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Vol. 104. Núm. 3.
Páginas 247-248 (Abril 2013)
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Vol. 104. Núm. 3.
Páginas 247-248 (Abril 2013)
Case for Diagnosis
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Cobblestone Papules on the Neck
Pápulas en empedrado en el cuello
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B. Echeverría-Garcíaa,
Autor para correspondencia
Begoecheverria2@gmail.com

Corresponding author.
, V. Parrab, J.A. Avilésa, R. Suárez-Fernándeza
a Servicio de Dermatología, Hospital General Universitario Gregorio Marañón, Madrid, Spain
b Servicio de Anatomía Patológica, Hospital General Universitario Gregorio Marañón, Madrid, Spain
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Medical History

A 65-year-old woman with a 13-year-history of primary biliary cirrhosis, systemic hypertension, dyslipidemia, and osteoporosis came to our clinic for evaluation of lesions that had developed 2 years earlier. The lesions had gradually appeared on the back of the neck and were asymptomatic.

Physical Examination

Physical examination revealed multiple whitish papules measuring 3 mm in diameter and with a rubbery consistency; the follicular openings were spared and showed no mucinous material when pressed. The papules appeared in clusters on the back of the neck (Fig. 1), with occasional papules in the right axilla.

Figure 1
(0,08MB).

No other areas of the body were affected.

Additional Tests

Dermoscopy revealed well-delimited, homogenous, whitish papules with some dotted vessels at the periphery.

A 4-mm punch biopsy taken from a lesion on the neck showed slightly thickened collagen fibers in the mid dermis (Fig. 2). No calcium deposits were observed and staining of the elastic fibers revealed no abnormality.

Figure 2.

Hematoxylin-eosin, original magnification ×10.

(0,25MB).

What Is Your Diagnosis?

Diagnosis

Fibroelastolytic papulosis of the neck.

Treatment

Given the benign nature of the lesions and the fact that they were asymptomatic, it was decided to adopt a conservative approach and no treatment was given.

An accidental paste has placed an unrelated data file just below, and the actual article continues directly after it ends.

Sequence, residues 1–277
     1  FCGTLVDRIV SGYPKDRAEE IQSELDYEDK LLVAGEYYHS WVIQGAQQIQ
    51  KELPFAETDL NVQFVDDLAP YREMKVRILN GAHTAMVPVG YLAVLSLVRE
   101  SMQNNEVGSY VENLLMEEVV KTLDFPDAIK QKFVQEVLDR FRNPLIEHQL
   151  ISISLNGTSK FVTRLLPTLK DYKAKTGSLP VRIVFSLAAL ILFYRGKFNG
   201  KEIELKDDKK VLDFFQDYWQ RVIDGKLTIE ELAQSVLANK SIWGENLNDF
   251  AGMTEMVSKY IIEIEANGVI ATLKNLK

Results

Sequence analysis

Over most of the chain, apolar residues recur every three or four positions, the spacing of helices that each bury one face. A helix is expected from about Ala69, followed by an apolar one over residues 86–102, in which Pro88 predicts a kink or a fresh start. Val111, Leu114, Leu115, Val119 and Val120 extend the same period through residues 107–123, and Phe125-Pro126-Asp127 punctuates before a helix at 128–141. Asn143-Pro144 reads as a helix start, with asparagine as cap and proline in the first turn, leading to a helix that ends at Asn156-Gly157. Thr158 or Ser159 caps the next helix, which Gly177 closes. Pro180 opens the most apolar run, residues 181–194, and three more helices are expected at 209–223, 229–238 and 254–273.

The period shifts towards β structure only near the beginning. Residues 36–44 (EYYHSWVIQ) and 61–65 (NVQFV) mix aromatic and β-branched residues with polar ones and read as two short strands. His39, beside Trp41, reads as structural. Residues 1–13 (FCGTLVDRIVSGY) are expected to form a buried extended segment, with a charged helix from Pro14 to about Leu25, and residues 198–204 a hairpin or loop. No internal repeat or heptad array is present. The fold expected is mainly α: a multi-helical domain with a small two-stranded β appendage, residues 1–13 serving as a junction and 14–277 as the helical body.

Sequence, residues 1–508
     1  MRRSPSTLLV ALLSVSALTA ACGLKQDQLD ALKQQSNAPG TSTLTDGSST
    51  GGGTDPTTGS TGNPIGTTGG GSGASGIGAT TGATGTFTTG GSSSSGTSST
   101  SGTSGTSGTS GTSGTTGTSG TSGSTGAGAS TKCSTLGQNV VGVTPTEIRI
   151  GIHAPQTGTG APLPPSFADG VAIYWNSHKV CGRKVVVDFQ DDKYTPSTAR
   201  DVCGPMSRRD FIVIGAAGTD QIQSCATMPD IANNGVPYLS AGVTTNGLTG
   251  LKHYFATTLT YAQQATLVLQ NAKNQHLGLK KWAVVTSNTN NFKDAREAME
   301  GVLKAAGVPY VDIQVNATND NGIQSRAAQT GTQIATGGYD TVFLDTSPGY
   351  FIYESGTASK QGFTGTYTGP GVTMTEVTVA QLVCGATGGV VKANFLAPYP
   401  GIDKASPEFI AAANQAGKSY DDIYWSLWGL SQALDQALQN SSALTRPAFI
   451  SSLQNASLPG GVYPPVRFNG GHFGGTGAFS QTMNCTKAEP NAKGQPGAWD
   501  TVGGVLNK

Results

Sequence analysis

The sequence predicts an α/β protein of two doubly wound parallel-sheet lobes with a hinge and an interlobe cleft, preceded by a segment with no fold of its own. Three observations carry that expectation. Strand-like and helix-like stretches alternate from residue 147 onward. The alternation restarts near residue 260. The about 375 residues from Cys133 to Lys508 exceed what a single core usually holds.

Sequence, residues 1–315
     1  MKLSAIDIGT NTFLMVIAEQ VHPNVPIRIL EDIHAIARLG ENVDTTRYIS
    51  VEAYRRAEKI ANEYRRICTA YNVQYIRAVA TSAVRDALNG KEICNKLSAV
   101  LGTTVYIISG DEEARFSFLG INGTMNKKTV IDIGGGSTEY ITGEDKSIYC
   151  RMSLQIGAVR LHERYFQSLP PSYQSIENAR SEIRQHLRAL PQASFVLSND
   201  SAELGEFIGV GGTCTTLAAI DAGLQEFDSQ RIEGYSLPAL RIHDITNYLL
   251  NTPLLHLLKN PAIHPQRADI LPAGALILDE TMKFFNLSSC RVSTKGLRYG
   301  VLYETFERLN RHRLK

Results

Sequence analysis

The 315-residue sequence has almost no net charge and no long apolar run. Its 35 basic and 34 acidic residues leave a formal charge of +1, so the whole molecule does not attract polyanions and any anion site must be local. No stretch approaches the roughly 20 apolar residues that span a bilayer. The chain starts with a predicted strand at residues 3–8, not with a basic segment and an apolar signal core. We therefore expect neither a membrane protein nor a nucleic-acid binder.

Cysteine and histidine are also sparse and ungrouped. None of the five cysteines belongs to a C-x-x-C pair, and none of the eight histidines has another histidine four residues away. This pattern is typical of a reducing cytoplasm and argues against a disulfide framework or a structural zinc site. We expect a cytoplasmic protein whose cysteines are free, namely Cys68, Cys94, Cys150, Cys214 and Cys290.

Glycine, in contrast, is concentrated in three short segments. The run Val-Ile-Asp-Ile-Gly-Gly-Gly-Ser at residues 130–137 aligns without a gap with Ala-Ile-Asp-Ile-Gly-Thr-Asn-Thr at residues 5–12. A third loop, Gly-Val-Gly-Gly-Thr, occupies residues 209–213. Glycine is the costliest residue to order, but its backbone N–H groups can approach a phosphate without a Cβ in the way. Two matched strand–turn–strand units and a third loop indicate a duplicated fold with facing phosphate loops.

Comment

In 1989 Shimizu et al.1 described white fibrous papulosis of the neck. Clinically this entity was characterized by isolated, asymptomatic whitish papules, mainly located on the back and side of the neck, although they were occasionally found on the shoulders and axillae. Histologically, white fibrous papulosis was classified under collagen disorders, given that the lesions were composed of circumscribed collagen bundles in the papillary and upper reticular dermis.

Rongioletti and Rebora2 later reported another very similar entity, which they named pseudoxanthoma elasticum-like papillary dermal elastolysis, in which they observed yellowish papules resembling those of white fibrous papulosis. In this case, however, the papules showed a tendency to coalesce, giving rise to cobblestone-like plaques suggestive of pseudoxanthoma elasticum (PXE). Histologically the lesions were mainly characterized by elastolysis, with no calcium deposits or fibrosis, and were categorized as elastic fiber abnormalities.

Balus et al.3 subsequently discovered common clinical and histologic findings when reviewing cases reported for both entities alongside 20 of their own. They concluded that there were 2 variants of a single condition that they named fibroelastolytic papulosis of the neck.

The exact cause of fibroelastolytic papulosis of the neck is unknown, although most authors have related it to the skin aging process. Recently cases have also been reported in younger patients with a history of inflammatory diseases in the same area. This suggests that factors other than aging, such as the inflammation of skin adnexa,4 can exert an influence on the subsequent appearance of fibrosis and elastolysis.

Diagnosis is based on clinical presentation, histologic findings, and, more recently, dermoscopy, which shows well-delimited, whitish papules with some dotted vessels at the periphery, as well as pigment that fails to form a true reticulated area.5

The case reported here is more compatible with what was originally known as white fibrous papulosis of the neck. This definitive diagnosis was established from the clinical presentation and dermoscopy, but particularly after the exclusion of other entities, such as PXE, on pathology study of the biopsy.

In conclusion, knowledge of fibroelastolytic papulosis of the neck is important as it bears a strong clinical resemblance to PXE. Unlike PXE, however, prognosis is good and not associated with heart or ophthalmological disease.

References
[1]
H. Shimizu, S. Kimura, T. Harada, T. Nishikawa.
White fibrous papulosis of the neck: a new clinicopathologic entity?.
J Am Acad Dermatol, 20 (1989), pp. 1073-1077
[2]
F. Rongioletti, A. Rebora.
Pseudoxanthoma elasticum-like papillary dermal elastolysis.
J Am Acad Dermatol, 26 (1992), pp. 648-650
[3]
L. Balus, A. Amantea, P. Donati, M. Fazio, M.C. Giuliano, M. Bellocci.
Fibroelastolytic papulosis of the neck: a report of 20 cases.
Br J Dermatol, 137 (1997), pp. 461-466
[4]
Y.C. Song, B.H. Oh, J.H. Ko, J.Y. Kim, Y.J. Hwang, Y.W. Lee, et al.
A case of fibroelastolytic papulosis on the neck of a young man.
Ann Dermatol, 23 (2011), pp. 193-197
[5]
A. Minagawa, H. Koga, T. Saida.
Dermoscopy of white fibrous papulosis of the neck.
Arch Dermatol, 146 (2010), pp. 220

Please cite this article as: Echeverría-García B, et al. Pápulas en empedrado en el cuello. Actas Dermosifiliogr. 2013;104:247–8.

Copyright © 2012. Elsevier España, S.L. and AEDV
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